DK: By simply being involved in and around our ward on a daily basis, speaking with and dealing with residents from all walks of life. Unlike many people I don’t shy away from anyone based on their looks or state of dress.
TE: The mandate of PoliticsRespun.org is to “Despin the political, and to respin it for social, political, and environmental justice.” You have a reputation for being a straight shooter who doesn’t pander or mince words. How will you lend you voice for everyone who lives and works in Point Douglas?
DK: People know that when they talk to me, they will get the truth, no matter how difficult that truth is to swallow. When I commit to bringing their issues forward, or when I tell them their issues are total bunk, they will know full-well where they stand. Unlike some people, I will not ignore anyone. One thing that a local provincial MLA (who will be running for federal office by time this article gets out) does is every single Thursday evening, is sit at a local restaurant, and invites constituents to come to speak to him about whatever it is that they want, in a comfortable, non-confrontational manner. I will strive to provide the same level of accessibility. Given our extremely diverse ward, if need be, I will schedule translators to be involved.
TE: The media has been caught up in the more sensational aspects of the 2010 mayorial race, the political cesspool in River Heights, and focusing on the colorful past of some of the candidates that are running for council. Point Douglas has been largely neglected this race, which is highly unfortunate because it stands to lose a lot of potential voters through a lack of awareness and apathy. How will you provide these people with information and resources that will allow them to become more involved and aware?
DK: Many great ideas for communicating with residents have been brought forward during this election. We need to capitalize on some of these ideas. Online streaming of meetings, robocalls to get information out there, virtual town halls and even Facebook and Twitter. While they many not have been perfectly executed, they give a very good idea of the potential we have for communicating with our residents. Imagine how many more people would “attend” an active transportation meeting if they could do it in the comfort of their own home! These new methods, coupled with traditional newsletters, partnered with our local community centres will encourage and engage residents in a more meaningful manner. Once people realize how much of an impact they can have on something as simple as a local street repair project, they will be greatly encouraged to take part in the political direction of our city as well.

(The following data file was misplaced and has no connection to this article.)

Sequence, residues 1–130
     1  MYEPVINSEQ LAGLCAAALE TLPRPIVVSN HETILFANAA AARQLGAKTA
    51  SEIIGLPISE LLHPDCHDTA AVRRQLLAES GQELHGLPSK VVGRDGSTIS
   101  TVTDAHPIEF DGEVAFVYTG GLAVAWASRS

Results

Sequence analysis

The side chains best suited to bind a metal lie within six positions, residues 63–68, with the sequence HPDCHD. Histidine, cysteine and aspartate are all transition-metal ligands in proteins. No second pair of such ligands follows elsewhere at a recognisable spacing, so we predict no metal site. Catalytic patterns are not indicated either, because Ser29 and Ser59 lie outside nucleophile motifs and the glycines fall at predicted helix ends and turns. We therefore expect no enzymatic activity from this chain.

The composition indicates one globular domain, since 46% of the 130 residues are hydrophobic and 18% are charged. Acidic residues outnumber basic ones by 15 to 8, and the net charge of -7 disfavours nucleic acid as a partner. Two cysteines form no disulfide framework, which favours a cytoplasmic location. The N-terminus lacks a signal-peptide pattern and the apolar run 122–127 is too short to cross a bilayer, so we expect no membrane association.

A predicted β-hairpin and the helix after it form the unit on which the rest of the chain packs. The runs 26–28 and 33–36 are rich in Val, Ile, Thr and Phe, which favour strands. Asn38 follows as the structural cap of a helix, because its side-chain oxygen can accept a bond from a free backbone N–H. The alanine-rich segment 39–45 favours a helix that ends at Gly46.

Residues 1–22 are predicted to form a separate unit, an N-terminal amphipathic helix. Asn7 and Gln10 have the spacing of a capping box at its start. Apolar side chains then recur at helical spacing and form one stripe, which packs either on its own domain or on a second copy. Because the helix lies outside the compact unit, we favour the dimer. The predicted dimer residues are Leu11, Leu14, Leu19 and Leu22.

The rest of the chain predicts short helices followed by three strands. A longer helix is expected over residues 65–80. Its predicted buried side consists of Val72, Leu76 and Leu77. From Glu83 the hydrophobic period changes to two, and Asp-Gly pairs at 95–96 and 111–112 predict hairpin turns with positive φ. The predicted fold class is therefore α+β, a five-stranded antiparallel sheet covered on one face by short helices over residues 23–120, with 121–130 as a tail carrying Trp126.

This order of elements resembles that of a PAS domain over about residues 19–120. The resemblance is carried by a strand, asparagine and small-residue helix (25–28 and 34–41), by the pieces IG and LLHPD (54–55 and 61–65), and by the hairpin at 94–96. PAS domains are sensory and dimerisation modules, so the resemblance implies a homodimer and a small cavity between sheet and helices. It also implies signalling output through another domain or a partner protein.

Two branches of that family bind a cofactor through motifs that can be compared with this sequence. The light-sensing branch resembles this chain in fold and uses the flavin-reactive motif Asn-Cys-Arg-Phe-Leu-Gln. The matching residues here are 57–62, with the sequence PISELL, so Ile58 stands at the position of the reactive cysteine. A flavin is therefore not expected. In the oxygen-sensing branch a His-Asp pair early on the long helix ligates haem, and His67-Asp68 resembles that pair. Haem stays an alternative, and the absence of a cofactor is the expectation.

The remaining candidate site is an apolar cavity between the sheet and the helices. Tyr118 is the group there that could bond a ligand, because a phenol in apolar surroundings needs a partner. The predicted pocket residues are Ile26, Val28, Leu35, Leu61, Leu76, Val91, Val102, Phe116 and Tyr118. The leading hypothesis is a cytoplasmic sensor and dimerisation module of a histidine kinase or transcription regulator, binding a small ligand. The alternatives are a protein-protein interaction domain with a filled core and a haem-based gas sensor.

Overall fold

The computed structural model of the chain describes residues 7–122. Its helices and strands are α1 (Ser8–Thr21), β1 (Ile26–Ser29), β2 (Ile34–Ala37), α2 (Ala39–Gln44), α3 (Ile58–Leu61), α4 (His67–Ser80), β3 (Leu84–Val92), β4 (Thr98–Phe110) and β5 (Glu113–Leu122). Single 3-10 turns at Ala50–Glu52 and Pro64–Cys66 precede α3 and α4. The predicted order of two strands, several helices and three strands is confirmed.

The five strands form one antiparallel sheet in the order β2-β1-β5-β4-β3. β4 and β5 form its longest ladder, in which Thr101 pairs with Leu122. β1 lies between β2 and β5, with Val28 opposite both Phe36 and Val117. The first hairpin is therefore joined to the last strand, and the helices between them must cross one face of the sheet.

TE: City council should be more than cutting ribbons and ceremonial shovel holding. What kind of access will members of your ward have to you once you’re elected?
DK: Not only will my office door always be open, but I will try to have at least one night per week where I am at a local place where residents can just drop by. I will also be setting up a Facebook site where residents can directly voice their concerns. Twitter or some other “instant access” page may be set up as well. I will continue to be involved in coaching sports and will always be available to our residents.
TE: PoliticsRespun.org is read by people from all over Canada, many of whom may not be intimate with Manitoba or Winnipeg. In a nutshell, what is the current political climate like here?
DK: Crazy bordering on not making sense? *laughs*
TE: Thank you for confirming my suspicions! I have been trying to suss out rhyme or reason since moving here in September, and thought I was getting soft in the head.
DK: Winnipeg has many areas that have a NDP councilor, a Conservative MLA, and Liberal MP or some other very odd combination of the three. We also have some die hard NDP, Liberal and Conservative areas that ALWAYS vote one way, regardless of issues, or who is running.We have Liberals that have NDP campaign workers! Much like my ward being the biggest mixed bag, our city ends up being such a mixed bag politically often it hinders the moving forward of major projects.
TE: If anyone wants to get a hold of you, or show their support, how can they contact you?
DK: I can be contacted in any of the following ways:
Phone: 204- 269-3071
TE: Dean, thanks for taking some time away from the home-stretch in your door-knocking and campaigning to bring me up to speed on Point Douglas, your platform, and some of the quirks of Winnipeg’s political stew. Best of luck to you on Wednesday.